I want to teach an economic model to my students (Solow, 1956), using a simple "device", or physical system that I can take to my lectures. The system must have these three properties:
- There is one equilibrium, which is stable (e.g. the bottom inside an empty sphere).
- Variable (say, $x$) converges over time to it (e.g. a ball inside the sphere with friction on its inner surface will end up at the equilibrium).
- The speed of convergence is directly related to the distance between $x$ to that equilibrium. In other words, the speed decreases the closer $x$ is to the equilibrium. Unfortunately, the example of a ball inside a sphere does not fulfill this condition, because the ball oscilates around the equilibrium before reaching it.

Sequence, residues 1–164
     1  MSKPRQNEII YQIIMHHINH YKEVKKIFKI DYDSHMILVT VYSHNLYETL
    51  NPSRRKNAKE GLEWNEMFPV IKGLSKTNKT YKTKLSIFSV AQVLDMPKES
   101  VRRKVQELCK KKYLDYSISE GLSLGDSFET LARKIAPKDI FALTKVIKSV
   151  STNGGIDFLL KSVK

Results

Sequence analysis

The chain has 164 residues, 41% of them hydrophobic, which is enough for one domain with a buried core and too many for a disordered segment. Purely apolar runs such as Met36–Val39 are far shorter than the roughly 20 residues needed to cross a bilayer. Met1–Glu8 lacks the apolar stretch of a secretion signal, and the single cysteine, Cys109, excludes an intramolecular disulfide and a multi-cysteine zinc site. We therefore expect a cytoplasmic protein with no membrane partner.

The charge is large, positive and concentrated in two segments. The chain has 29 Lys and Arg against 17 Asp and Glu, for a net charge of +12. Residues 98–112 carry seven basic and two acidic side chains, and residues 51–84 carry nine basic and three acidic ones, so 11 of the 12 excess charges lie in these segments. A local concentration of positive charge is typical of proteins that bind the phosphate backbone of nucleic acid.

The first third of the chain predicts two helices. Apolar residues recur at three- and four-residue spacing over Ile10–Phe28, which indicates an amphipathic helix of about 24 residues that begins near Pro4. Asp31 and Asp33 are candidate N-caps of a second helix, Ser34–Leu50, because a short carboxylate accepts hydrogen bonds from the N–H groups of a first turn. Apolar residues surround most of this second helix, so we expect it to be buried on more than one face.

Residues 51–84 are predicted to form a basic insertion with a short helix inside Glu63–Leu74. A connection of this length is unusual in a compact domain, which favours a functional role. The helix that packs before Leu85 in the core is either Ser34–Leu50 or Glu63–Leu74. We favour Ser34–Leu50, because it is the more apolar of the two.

No particular speed of convergence is needed (in fact, in the Solow model it takes infinite time to reach the equilibrium). The key is point 3, that the movement towards it depends directly on its distance.
I'm looking for a system as simple as the ball inside a sphere (which I could easily replicate with basic tools) but where the three conditions hold. I just can't think of anything like this.